March 26, 1974: George Foreman Destroys Ken Norton – And He’d Walk Through Today’s Best In A Similar Fashion!

The George Foreman who showed up in Caracas, Venezuela to fight Ken Norton in the second defence of his world heavyweight title, was one bad dude. The Texan monster was one seriously mean and intimidating individual – a mean individual who could punch like hell, who had underrated skills (see Foreman’s seemingly effortless manner of cutting the ring off, not only on Norton, but on Joe Frazier, in sparring; heck, even against Ali). “Big George” was, however, nursing a bad leg.

Watching the utter destruction job Foreman set to work with in dismantling a peak Norton, you would never have guessed Foreman had any problems before climbing the ring steps. Foreman was awesome on this night: clever, cunning, accurate, immensely strong, and he was packing frightening power in both hands. Good as he was, Norton was felled well inside six-minutes.

Foreman really and truly did look to be invincible. Ali, who sat/stood at ringside (having got it wrong for once in picking Norton to get the win) seemed to be facing an horrific time of things, set as he was to attempt to regain the crown at Foreman’s expense; this in the middle of Africa later that year. But Ali shocked the world, he beat Foreman – heck, he KO’d Foreman! This, nobody had been brave enough to have predicted going in (even Ali was hesitant to predict a knockout, preferring to call a points win, or maybe a stoppage victory on cuts).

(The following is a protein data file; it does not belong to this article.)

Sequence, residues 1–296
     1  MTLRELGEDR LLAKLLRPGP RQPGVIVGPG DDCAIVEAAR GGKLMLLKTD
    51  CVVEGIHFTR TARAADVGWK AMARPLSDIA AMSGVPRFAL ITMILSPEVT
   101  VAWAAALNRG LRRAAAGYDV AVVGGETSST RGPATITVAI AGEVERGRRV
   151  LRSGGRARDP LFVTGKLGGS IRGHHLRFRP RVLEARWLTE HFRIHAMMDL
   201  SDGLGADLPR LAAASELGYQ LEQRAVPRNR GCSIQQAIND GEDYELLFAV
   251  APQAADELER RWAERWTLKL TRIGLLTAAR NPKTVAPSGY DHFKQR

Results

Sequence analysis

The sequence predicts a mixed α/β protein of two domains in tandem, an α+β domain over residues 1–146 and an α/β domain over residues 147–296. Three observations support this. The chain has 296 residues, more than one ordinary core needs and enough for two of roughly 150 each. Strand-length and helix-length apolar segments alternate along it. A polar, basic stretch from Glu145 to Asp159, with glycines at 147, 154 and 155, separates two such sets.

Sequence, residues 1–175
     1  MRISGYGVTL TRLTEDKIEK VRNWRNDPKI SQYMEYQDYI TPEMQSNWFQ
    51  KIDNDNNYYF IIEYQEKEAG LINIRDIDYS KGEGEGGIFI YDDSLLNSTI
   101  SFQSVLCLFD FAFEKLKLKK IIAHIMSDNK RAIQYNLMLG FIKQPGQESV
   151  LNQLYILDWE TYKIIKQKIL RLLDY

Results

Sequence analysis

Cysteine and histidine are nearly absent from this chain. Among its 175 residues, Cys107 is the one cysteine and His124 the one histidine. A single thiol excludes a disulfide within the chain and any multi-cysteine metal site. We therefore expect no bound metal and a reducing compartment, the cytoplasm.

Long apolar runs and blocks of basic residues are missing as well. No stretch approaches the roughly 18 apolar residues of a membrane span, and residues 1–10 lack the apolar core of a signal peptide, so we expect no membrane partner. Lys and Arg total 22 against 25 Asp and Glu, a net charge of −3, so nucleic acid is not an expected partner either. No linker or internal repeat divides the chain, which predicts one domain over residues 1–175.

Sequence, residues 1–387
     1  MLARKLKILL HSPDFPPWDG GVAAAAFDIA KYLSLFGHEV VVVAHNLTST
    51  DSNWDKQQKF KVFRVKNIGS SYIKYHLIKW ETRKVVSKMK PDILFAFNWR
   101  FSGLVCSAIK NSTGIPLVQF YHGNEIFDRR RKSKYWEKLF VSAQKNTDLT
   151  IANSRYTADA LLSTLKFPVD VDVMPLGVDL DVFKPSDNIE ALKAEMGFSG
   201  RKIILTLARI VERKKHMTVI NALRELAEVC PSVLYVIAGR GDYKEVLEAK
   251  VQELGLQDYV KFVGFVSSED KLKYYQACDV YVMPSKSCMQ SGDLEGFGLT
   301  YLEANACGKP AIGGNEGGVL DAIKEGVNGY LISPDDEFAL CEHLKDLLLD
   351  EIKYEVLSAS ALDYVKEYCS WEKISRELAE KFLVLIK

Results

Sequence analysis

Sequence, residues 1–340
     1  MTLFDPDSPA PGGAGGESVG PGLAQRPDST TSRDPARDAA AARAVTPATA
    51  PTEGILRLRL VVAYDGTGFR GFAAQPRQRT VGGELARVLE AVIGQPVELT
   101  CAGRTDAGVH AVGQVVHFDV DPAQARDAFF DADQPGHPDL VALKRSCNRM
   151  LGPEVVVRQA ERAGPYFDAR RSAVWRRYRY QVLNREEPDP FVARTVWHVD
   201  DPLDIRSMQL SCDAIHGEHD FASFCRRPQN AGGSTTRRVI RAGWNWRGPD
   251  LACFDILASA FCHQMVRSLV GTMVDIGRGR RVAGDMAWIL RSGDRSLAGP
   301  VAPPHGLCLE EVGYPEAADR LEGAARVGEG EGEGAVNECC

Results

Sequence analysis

But Ali was special, as in super-special. What he did against Foreman – laying on the ropes, taking super-human punishment, using every inch of his guile, guts and, well, greatness – no other fighting man would have even dared try, much less have been capable of.

Which brings us to today’s heavyweight elite. Do you think guys like Tyson Fury, Anthony Joshua, Deontay Wilder – even the best of the current crop, Oleksandr Usyk – would have been able to beat the March, 1974 version of “Big” George Foreman? I do not, but I’m open to arguments as to just how today’s best would have accomplished the feat.

Usyk, as clever and as skilled as he is, might have had the best shot at giving Foreman – a 224 pound Foreman – trouble. But beat him? No. As for Fury, yeah, we’ve heard the argument about how he would be “too big,” and “too big and too mobile” for the heavyweights of yesteryear. And, sure, Fury is big at around 270 pounds and approx 6’8,” and he is mobile for a man of his dimensions. But would Fury be fast enough, powerful enough and strong enough (mentally and physically) to defeat a prime killer in Foreman?

Fury is faster than he should be for his size, but he is not fast compared to other heavyweights, nor does he punch anything like Foreman did (no way would Fury be able to push Foreman back and dictate matters the way he did with the skinny-legged Deontay Wilder). Foreman was an immovable object with crushing power. He would have beaten any heavyweight from today.

You know it as well as I do.

Usyk might have given Foreman a test, as might Fury. But Joshua and Wilder – would they have lasted as much as three rounds with Foreman? I don’t think so. But again, I’m open to arguments the other way.